The story of women’s struggle for equality belongs to no single feminist nor to any one organisation but to the collective efforts of all who care about human rights – Gloria Steinem.
Today is International Women’s Day (IWD), a day set aside globally, to celebrate the social, economic, cultural and political achievements of women. More importantly, the day is used to celebrate women's achievements, raise awareness about women's equality, and lobby for accelerated gender parity among others.
It was first marked in 1911, and has since been celebrated all over the world on March 8 each year. This year’s celebration, for instance, is on the theme: “Choose To Challenge.” The theme is premised on the fact that a challenged world is an alert world and from challenge comes change.
It is based on this year’s theme that I personally think that Ghana as a nation and Africa as a continent and in fact, the world leadership need to move along with women—creating more opportunities and levelling field for women to bring to the fore, their sterling leadership qualities.
Women play a vital role in the survival and sustenance of this world. Their contribution to the development of the human race is inestimable. To put simply, women’s struggles are world’s struggle and they struggle not only for their own good but for the general betterment of the world.
However, in spite of the many contributions of women the world over, they are confronted with many daunting challenges such as unpaid domestic works, domestic abuses and injustices, thus creating limitations to their progress and in worse situations, unfair competitions from men, particularly regarding leadership roles.
Women are always under the burden of suppression and their voices remain silent in the ears of many people who seem not perturbed by the sufferings of women.
Getting the voices of women heard would require the collective efforts of all, particularly women leaders. This is why Ghana and Africa as a continent need many more women in key leadership positions—both at the political offices and in corporate administrative portfolios.
The role of women leaders goes beyond just the positions they occupy; women leaders inspire hope of many young women, who see hope in their future in these women leaders, who have defied the odds to challenge the status quo of men-dominance in leadership roles.
I was particularly happy when Nigeria’s Ngozi Okonjo-Iweala, an economist and international development expert was recently appointed as the Director-General of the World Trade Organisation. Such stories do not only testify that women are capable of doing anything they set their minds on but goes further to prove that women are also human beings and are of no less importance to men, in terms of handling key leadership positions.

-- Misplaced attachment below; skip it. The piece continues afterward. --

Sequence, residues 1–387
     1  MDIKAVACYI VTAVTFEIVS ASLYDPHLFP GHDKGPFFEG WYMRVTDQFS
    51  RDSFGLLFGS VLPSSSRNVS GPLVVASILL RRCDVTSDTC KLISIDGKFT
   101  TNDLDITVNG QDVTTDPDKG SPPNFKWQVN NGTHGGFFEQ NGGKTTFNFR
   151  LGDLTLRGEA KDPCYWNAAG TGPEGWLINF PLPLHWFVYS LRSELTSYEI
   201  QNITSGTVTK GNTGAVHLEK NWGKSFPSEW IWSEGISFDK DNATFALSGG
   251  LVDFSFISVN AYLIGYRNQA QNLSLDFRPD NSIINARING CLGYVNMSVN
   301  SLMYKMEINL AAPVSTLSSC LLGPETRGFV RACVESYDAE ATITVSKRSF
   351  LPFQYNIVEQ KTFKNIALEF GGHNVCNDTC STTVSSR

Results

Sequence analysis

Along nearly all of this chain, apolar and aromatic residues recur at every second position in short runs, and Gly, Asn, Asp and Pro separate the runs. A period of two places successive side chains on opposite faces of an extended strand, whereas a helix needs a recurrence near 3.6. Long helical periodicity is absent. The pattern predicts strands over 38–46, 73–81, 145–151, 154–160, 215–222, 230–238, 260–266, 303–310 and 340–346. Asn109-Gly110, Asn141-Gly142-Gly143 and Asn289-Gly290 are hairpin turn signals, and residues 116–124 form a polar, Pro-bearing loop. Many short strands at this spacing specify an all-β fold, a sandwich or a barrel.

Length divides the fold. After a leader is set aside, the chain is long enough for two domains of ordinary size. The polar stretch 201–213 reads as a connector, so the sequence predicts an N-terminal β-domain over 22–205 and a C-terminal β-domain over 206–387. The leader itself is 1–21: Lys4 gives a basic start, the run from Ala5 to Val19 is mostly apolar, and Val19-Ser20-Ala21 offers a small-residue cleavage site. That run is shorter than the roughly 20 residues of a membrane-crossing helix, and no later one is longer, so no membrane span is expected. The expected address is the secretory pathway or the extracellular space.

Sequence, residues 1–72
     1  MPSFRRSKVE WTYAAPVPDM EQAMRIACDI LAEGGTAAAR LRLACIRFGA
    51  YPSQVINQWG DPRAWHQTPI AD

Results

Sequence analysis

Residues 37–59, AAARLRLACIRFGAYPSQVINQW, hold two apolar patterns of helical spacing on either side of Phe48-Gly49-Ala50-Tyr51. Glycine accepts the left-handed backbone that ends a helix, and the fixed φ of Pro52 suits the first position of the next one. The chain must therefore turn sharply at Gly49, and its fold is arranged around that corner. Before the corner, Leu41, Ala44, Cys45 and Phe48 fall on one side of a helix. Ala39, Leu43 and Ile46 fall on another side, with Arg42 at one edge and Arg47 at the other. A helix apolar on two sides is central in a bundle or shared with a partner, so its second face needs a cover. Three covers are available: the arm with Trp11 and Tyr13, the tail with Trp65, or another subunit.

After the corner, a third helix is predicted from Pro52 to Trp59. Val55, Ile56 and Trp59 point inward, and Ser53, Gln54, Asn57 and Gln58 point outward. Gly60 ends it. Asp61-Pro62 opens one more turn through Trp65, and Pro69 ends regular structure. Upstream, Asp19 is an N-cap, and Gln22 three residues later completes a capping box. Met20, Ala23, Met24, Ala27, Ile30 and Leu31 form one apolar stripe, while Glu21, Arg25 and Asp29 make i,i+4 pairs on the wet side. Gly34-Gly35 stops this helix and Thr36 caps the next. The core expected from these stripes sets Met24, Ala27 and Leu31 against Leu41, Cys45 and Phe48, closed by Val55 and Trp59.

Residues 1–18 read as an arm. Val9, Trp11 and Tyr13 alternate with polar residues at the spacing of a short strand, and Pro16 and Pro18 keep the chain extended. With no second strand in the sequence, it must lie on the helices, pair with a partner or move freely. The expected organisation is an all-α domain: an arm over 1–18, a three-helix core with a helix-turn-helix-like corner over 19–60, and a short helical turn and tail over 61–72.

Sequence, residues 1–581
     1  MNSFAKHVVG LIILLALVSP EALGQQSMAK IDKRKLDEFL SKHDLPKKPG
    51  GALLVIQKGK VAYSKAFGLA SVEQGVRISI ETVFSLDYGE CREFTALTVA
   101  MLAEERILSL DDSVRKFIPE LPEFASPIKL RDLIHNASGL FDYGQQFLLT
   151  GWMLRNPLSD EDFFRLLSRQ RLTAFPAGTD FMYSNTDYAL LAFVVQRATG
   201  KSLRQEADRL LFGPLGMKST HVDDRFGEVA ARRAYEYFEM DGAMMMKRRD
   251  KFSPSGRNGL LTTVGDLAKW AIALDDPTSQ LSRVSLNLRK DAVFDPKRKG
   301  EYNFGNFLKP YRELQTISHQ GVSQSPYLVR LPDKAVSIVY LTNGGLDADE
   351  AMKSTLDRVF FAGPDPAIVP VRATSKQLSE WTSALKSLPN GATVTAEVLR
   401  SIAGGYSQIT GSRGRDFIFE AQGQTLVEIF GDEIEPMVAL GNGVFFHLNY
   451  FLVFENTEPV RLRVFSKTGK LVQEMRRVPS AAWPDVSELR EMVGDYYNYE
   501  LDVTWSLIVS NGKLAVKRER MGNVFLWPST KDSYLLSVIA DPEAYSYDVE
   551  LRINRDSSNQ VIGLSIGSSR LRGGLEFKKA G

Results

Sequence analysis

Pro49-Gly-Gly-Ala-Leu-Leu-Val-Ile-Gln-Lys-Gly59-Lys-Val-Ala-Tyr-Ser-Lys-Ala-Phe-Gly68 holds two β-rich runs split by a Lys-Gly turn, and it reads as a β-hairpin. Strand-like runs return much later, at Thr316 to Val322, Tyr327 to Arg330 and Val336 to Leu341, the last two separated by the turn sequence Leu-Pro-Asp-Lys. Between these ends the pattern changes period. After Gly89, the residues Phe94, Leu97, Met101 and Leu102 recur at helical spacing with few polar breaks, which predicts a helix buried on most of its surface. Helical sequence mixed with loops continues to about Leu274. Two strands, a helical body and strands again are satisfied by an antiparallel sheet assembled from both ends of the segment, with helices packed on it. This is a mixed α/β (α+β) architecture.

Although Ghana has made some strides over the years in getting many more women in key leadership positions, it appears our effort as a nation still needs some more push. And this can be done if we deliberately and purposely create the needed platforms to support women to climb the leadership lather. Supporting women, in this sense, does not mean putting incompetent women in key leadership positions but removing all bottlenecks that slag women in their quest to progress in life.
Women should not be seen by men as competitors but rather, they should be seen as critical partners for development. It is only when women are seen as critical partners and key players in our collective wellbeing that we can progress as a nation, as a continent and as a world.
The Executive Director of Crown Women Rising (CWR)-Ghana, Mrs Nana Sekyere, for instance, is of the view that women have generally been good managers, both at home and in their work places.
“Many Women in leadership positions, although relatively few, have excelled in their various capacities which could be attributed to the innate qualities and home-grown skillsets they bring to the table,” she said, adding “Our motherly instincts have proven to be a useful asset time and again in various leadership circles.”
She said women leaders such as Angela Merkel, Chancellor of Germany; Erna Solberg, Prime Minister of Norway; Jacinda Arder, Prime Minister of New Zealand; Katrin Jakobsdottir, Prime Minister of Iceland, and Sanna Marin, Prime Minister of Finland, are performing amazingly in their respective countries.
That, she noted, “This is certainly not a coincidence that all these progressive countries in question and a host of others have women leaders. They must be doing something right without a doubt!”
Mrs Sekyere said “it is about time opportunities are given to women to lead as well and this is not only trendy now but most importantly it yields results.”
For her, women leadership in both corporate circle and corridors of power can no longer be overlooked, adding that “the citizenry are the beneficiaries of good women leaders and that has been exemplified by the above mentioned women leaders of successful nations.”
On what makes women good leaders, the CWR-Ghana boss said, “Our show of gratitude provides an incentive for team members to excel while our naturally empathetic nature makes each team member feel that their individual concerns, their needs and grievances are heard and are important to their leaders. That is trust.”
For Mrs Sekyere, women naturally have the basic qualities of leadership, which according to her, are communication, showing gratitude and empathy, saying “The three of the most important leadership traits are communication, showing gratitude and empathy. Generally speaking, women rather than our male counterparts, tend to excel in these attributes.”
From leading nations, to standing up for human rights, to running the world’s most important organisations, women continue to shape the world through their leadership. Let us dare to challenge the status quo. Congratulations to all women, particularly Ghanaian women.